They are recognizing military boondoggles for what they are and realizing that they want spending to stay home.
While reading John Rash’s Jan. 11 column “Despite drawdown, Afghan stakes still high,” I wondered how many of the 57 percent of Americans mentioned who believe that prosecuting the Afghan War was “the wrong thing to do” have an understanding of America’s recent history in Afghanistan.
Rash linked the recent movie “Lone Survivor” to the current situation in Afghanistan. Another movie, “Charlie Wilson’s War,” tells the story of American Cold War politics and the use of the Afghan mujahedeen as a surrogate to resist the Soviet invasion and attempted occupation of Afghanistan during the 1980s.
After the 1988 Soviet pullout — precipitated, in large part, by the hundreds of millions of American dollars used to arm the resistance — there was no will in Washington to invest in a postwar Afghanistan. The resulting political vacuum was filled by the Taliban, which in turn gave sanctuary to a nascent Al-Qaida (including former mujahedeen members, most notably Osama bin Laden).
I suspect even less known among the American public is the CIA-engineered removal of democratically elected Iranian Prime Minister Mohammad Mossadegh in 1953 — the subject of the 2010 documentary “American Coup.” Mossadegh had angered petro-centric Western powers by nationalizing the Iranian oil industry. After his removal, a more compliant leader, Shah Mohammad Reza Pahlavi, was installed. Infamously, the brutal autocratic shah brought about the Iranian Revolution, which in turn placed the current theocracy in power — the leadership that has so vexed and frustrated Washington ever since.
Getting back to Afghanistan, Rash mentions that ranked last in a recent Pew poll of Americans’ top foreign policy priorities was “promoting democracy in other nations.”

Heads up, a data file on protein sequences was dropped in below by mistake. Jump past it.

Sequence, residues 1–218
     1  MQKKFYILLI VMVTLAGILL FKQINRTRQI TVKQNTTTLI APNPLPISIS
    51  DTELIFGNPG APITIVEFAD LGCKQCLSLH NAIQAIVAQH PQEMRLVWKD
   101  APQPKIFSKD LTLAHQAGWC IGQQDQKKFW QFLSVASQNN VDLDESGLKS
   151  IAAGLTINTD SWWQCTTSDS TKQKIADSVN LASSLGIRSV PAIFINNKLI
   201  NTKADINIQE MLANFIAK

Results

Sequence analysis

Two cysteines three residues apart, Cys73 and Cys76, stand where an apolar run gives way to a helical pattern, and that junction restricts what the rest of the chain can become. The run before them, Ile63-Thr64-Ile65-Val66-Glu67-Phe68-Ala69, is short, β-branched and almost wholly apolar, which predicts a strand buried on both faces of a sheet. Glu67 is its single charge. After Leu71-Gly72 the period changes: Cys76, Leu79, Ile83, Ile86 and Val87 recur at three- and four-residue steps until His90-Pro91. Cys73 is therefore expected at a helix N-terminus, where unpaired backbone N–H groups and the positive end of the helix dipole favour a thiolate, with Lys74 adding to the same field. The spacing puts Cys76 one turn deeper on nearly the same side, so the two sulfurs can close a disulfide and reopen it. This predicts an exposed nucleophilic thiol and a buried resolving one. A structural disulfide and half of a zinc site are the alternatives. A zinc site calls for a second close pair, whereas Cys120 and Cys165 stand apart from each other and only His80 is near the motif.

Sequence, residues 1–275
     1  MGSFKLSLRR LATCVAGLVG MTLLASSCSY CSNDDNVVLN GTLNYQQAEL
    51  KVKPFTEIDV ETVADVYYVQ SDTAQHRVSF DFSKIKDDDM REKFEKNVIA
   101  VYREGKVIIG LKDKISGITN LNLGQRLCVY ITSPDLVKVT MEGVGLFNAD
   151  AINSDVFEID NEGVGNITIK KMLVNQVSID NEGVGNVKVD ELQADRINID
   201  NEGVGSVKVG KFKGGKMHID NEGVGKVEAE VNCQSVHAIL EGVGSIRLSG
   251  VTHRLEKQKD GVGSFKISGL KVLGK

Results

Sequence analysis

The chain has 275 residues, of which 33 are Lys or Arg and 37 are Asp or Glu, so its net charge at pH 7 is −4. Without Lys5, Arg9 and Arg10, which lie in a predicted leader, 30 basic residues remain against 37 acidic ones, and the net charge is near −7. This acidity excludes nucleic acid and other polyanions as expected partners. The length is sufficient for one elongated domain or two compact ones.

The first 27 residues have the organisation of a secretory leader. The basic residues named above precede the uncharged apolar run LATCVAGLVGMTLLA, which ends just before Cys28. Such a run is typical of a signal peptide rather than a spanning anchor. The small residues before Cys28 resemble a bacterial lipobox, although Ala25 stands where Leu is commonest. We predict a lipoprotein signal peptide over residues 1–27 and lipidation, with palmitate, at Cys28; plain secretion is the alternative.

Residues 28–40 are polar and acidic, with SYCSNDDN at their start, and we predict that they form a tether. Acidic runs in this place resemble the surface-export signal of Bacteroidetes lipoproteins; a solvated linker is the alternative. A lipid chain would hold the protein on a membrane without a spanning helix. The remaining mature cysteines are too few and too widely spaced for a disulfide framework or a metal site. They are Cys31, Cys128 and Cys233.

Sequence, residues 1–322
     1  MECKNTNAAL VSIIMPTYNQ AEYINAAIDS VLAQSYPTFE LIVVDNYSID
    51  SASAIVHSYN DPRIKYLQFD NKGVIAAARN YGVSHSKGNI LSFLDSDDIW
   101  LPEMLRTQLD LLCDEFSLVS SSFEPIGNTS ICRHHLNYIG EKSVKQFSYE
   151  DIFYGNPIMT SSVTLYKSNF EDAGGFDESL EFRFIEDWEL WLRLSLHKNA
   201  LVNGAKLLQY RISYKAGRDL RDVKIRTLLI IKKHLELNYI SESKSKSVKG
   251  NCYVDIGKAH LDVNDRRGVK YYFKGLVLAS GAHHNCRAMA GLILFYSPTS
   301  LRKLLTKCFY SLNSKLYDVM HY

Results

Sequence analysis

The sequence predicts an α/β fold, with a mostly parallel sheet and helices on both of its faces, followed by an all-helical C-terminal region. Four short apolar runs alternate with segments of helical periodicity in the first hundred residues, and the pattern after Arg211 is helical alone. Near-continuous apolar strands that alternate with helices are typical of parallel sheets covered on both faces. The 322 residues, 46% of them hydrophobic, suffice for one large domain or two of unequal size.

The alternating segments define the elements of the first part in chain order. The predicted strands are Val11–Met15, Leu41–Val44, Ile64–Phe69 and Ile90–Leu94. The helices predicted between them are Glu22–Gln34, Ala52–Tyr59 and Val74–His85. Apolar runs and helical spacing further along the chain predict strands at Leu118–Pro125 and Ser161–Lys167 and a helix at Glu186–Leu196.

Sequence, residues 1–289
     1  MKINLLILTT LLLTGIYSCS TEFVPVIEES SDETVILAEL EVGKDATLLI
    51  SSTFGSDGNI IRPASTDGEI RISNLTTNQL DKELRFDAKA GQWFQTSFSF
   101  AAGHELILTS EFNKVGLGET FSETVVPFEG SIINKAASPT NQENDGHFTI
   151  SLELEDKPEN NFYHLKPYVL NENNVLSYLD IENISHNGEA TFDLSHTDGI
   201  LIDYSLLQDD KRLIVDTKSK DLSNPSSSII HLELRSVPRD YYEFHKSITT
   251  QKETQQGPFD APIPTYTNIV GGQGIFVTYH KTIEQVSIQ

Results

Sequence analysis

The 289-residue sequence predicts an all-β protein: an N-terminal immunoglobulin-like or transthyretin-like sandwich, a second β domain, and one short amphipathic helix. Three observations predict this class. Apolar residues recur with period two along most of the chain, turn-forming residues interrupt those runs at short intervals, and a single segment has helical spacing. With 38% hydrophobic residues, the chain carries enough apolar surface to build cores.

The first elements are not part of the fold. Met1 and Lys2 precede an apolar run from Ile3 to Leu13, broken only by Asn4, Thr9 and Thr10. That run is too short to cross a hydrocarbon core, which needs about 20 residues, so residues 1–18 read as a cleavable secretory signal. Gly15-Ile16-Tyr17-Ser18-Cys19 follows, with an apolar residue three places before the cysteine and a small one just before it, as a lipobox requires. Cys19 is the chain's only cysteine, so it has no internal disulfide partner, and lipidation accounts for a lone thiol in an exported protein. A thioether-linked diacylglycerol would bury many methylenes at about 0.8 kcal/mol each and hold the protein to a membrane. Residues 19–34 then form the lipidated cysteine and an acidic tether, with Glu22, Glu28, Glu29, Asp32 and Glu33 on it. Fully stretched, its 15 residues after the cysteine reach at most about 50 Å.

Perhaps this is an indication that the public is coming to terms with the reality that domestically, the further away from local elections one gets, the further away from the democratic process one gets. This culminates at the highest level, where the two candidates who attract the most financial support from a select few entities face off nationally.
Perhaps Americans are beginning to understand that this mutation of “democracy” is not something that should be replicated anywhere. Or, more importantly, that “democracy” — even in its purest form — is not something one nation can export to another.
At any rate, Americans for decades have elected politicians whose agenda has been protecting the status quo even if that means ignoring public opinion. This has repeatedly involved misappropriation of resources — both monetary and military — in counterproductive ventures. These boondoggles have left the nation more — not less — vulnerable, creating new enemies around the globe while squandering resources that could be used to actually strengthen the nation (Infrastructure maintenance, anyone? National debt resolution, anyone?) and improve the lot of average citizens. This is an entirely bipartisan problem, recently demonstrated by the budget deal struck that restored full funding to the bloated and wasteful military-national security complex.
Afghanistan is just the most recent manifestation, raising the question: How long can our leadership continue to refuse to learn from the past before irrevocably compromising the future? Maybe someone will make a movie that examines this quandary.
Gene Case lives in Andover.
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